Tuesday, September 16, 2008

The Food That Put the Brits on the Map

A pint and a view at The Slug and Lettuce Pub in York

Streets were designed here long before cars

Notice no bar stools at the pub

Bars and restaurants throw me for a bit of a loop here in the UK. As a solo diner, I’m used to sitting at the bar and ordering. This really keeps you from feeling like you’re eating alone. Sitting at a table by myself is uncomfortable. I feel like the entire restaurant is staring at the guy by himself wondering WHY he’s all by himself. Is he a stalker? Perhaps just a weirdo? I know I’m not alone in this feeling because I’ve talked to plenty of folks who feel the same way. I’ve found that other business travelers in the states eat at the bar too. It gives us a chance to chat with each other and sort of commiserate. I didn’t know this unwritten tidbit before I began travelling for a living but I quite like it. Here in the UK though, that little bonus doesn’t work. No one really sits at the bar. There are no stools. People can stand at the bar and chat but sitting is not really an option. As far as eating there goes, there are a few rules as well. If you wish to eat in the bar area, that’s fine. You order at the bar, pay in advanced, and go find a seat where the bartender will bring your food. I see no real value in that. I might as well go the restaurant area and just sit for table service (which I did). From here I feel the eyes upon me. This is a complex I need to overcome because I know I’m not interesting enough for anyone to truly ponder but I hate the idea of being perceived as “creepy”.

So in lieu of being uncomfortable for EVERY meal, I decided to see what I could snack on from the local grocery. This was a brilliant idea. Obviously I cannot cook anything but if you ever decide to walk into the store and select things that can be eaten as is with no prep, you’d be surprised at the large number of options available to you. The Ox tongue from the deli was superb with English Stilton blue cheese and Scottish oatcakes. The smoked Scottish Salmon was like Salmon flavored butter; rich and delicate with a much milder flavor than the Salmon I’ve had in the states. I always thought Wild Alaskan King Salmon was my favorite but this Scottish version has overtaken it in my mind. The deep colored blackberries were quarter sized and perfectly sweet and the figs were the size of small apples. I have stumbled across a goldmine. I ate in my room on 3 different evenings after enjoying my shopping. What I don’t understand completely is that if I’m stuck eating the Ox tongue (which I found quite tasty), what happened to the rest of the Ox? Is someone sinking their teeth into a luscious and perfectly prepared Ox loin with elderberry sauce? I’ve not seen such a thing on a menu.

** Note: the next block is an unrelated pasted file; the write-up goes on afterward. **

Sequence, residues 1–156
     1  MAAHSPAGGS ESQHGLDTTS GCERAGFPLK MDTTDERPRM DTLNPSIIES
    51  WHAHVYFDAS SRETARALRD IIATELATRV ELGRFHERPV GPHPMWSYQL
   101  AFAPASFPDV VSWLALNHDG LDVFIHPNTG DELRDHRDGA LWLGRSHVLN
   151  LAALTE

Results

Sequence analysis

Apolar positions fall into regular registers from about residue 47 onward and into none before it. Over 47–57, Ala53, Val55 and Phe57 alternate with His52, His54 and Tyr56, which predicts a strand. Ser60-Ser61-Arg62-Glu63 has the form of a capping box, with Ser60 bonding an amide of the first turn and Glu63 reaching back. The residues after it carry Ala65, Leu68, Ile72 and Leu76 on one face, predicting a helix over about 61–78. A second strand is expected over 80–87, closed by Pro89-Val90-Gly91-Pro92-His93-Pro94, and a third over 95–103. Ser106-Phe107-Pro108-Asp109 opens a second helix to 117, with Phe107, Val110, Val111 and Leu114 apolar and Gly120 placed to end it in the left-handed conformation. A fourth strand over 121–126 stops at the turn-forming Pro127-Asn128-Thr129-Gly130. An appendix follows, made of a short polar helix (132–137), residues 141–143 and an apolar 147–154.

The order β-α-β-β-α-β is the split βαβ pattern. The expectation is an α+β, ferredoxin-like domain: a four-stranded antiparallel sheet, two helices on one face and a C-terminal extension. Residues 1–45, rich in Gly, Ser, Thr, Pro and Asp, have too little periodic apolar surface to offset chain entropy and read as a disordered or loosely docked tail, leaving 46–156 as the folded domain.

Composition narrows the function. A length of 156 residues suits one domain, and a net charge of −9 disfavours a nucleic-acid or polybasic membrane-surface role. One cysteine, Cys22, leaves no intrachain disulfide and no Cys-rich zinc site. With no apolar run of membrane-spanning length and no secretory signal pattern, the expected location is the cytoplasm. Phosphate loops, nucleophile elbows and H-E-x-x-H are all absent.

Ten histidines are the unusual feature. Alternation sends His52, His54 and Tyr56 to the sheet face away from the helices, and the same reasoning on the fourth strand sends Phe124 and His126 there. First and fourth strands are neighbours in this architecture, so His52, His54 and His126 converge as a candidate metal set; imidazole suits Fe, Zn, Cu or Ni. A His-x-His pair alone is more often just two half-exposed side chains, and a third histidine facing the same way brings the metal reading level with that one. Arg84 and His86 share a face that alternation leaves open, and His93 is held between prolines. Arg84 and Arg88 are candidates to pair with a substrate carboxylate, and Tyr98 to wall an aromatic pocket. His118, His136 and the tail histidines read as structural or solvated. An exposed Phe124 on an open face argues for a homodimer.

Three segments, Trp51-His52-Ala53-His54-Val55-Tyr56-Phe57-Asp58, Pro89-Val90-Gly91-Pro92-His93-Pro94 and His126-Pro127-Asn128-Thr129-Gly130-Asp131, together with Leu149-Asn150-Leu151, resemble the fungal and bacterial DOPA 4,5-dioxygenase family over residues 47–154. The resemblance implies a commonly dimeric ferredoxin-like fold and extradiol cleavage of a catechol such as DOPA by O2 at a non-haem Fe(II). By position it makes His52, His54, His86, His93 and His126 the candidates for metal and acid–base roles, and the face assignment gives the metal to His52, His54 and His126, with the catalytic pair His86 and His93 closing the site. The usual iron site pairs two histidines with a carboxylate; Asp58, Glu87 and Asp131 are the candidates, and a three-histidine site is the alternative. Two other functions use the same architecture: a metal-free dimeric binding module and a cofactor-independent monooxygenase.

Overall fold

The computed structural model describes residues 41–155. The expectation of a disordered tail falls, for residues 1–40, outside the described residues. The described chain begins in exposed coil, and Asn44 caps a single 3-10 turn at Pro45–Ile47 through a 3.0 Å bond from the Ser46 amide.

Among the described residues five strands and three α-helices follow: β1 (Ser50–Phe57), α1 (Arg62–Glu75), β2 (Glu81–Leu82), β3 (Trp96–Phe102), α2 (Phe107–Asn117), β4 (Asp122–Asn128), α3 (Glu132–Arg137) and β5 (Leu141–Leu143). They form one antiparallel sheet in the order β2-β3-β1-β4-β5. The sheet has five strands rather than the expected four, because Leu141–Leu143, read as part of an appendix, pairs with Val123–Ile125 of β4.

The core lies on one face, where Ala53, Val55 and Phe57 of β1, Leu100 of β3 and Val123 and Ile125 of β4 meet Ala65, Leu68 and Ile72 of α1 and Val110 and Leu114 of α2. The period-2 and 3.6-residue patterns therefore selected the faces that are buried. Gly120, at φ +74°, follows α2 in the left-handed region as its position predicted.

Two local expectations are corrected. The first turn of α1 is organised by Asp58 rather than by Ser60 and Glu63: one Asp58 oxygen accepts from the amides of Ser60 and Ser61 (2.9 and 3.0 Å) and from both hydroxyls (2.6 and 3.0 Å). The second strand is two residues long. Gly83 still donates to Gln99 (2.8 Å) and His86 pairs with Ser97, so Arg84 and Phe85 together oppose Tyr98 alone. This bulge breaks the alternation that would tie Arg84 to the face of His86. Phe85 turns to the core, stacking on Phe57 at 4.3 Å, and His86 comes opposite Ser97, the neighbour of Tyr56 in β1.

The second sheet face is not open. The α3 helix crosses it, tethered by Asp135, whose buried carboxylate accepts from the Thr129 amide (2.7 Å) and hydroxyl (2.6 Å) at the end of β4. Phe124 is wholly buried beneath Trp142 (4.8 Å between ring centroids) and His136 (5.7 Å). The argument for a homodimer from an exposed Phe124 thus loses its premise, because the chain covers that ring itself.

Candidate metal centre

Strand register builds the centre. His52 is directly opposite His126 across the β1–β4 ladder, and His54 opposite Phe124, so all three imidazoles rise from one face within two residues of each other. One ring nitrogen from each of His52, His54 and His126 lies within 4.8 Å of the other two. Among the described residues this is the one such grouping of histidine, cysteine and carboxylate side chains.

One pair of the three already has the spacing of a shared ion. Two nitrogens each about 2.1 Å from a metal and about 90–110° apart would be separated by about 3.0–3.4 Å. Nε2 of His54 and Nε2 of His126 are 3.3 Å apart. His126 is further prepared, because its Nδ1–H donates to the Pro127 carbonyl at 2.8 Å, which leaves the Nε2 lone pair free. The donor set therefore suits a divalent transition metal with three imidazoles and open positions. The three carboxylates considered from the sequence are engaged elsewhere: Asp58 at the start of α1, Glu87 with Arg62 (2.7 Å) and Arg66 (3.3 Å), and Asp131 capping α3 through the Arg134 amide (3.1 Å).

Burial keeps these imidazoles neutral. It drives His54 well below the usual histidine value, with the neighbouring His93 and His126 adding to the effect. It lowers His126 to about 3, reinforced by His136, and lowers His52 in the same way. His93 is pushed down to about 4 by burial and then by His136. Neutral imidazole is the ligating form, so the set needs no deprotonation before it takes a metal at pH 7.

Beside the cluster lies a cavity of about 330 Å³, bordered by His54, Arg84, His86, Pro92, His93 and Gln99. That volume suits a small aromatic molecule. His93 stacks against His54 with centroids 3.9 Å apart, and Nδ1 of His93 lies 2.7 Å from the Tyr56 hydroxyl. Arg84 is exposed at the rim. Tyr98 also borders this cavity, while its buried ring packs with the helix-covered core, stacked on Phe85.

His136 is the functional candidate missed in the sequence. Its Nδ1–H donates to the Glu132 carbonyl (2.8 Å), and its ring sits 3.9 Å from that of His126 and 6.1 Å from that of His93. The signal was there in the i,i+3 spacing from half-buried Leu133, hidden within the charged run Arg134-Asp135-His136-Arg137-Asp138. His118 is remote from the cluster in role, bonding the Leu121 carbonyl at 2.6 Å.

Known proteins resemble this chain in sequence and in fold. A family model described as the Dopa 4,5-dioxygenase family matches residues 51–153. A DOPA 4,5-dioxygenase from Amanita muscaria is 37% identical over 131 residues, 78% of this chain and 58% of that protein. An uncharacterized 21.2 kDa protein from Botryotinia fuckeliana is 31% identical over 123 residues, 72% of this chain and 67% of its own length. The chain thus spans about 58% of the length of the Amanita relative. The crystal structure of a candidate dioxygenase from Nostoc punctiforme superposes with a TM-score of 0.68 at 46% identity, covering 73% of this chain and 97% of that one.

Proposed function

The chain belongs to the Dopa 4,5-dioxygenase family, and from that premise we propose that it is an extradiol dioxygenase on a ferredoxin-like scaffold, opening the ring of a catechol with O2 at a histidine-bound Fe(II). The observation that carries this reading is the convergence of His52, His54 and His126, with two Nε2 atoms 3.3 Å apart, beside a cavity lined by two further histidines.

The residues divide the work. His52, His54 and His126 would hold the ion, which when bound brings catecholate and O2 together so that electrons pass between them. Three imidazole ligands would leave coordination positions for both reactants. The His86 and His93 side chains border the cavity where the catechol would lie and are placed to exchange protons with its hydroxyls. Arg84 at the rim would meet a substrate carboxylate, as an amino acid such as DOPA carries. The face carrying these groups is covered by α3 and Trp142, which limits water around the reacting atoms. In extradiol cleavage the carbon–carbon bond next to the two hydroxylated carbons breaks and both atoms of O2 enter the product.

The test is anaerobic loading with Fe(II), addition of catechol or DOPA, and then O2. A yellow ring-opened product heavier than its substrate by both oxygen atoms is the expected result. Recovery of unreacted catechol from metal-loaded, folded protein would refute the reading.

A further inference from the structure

Wednesday, Neil (my UK colleague) and I visited a customer in the coastal community of Grimsby. Grimsby is a fishing village that sits at the mouth of the Humber River on the North Sea. It boasts a fishing industry that at one time was the worlds largest (although no one could tell me exactly WHEN it was the worlds largest). I was informed however that going to Grimsby without eating fish and chips would be heresy. It was along this coast that the British standard was invented. Who am I to be a heretic? Upon a recommendation from my local customer, we went to a place called Seaway Restaurant.

Don't go here for the atmosphere but their Fish and Chips is heaven

Calling this a restaurant is a stretch. Seaway is a greasy spoon at best with tattered upholstery, wobbly tables and poor service. The menu has a limited theme: Haddock and Chips, Cod and Chips, Prawns and chips etc. I have to honestly say, I was a bit nervous but we ordered none the less. I went with the Cod (and Chips, of course). I noticed the place became quite busy after we arrived. That is always a good sign. The fish came out quickly. OK, so it looked like fish and chips but little did I know what a treat I was in for. This was exquisite. Delicate, moist and not greasy, this epitomized what fish and chips should taste like. The flavor was perfectly mild and oh so fresh. Some conversation produced a bit of education for me as well. I learned that this place gets its fish fresh from the docks daily here. Their batter is a tried and true recipe that has been going strong for decades and I cannot say enough about it. I’ve had lots of Fish and Chips in my day and I’ve had a go at making them too (and I like my version) but these were clearly better than any I’ve had. A crisp crust that wasn’t too thick, not at all chewy or bready and didn’t flake into many small pieces with each bite. The fish inside was moist and buttery and just perfect. The portion was generous but I could have eaten much more.

These were the perfect example of how Fish and Chips should be

I am so pleased with this find. My trip was a bit out of the way but pleasant. The days in Scunthorpe that were marked with constant gray skies and rain have come to a close and I’m now in a hotel in York. The sun has wormed its way out in this marvelous and ancient city that I’ll be telling you about in the coming days. I’m so proud to have found food that intrigued me in a part of the world known for… well… not the best food.

Until next time… Cheerio

1 comment:

jennie said...

Hey Louis!

Hows you?

Eagerly awaiting your appraisal of York and The Blue Bicycle!

Love reading your blog! Keep it going!

Jennie- Physiologist- Scunthorpe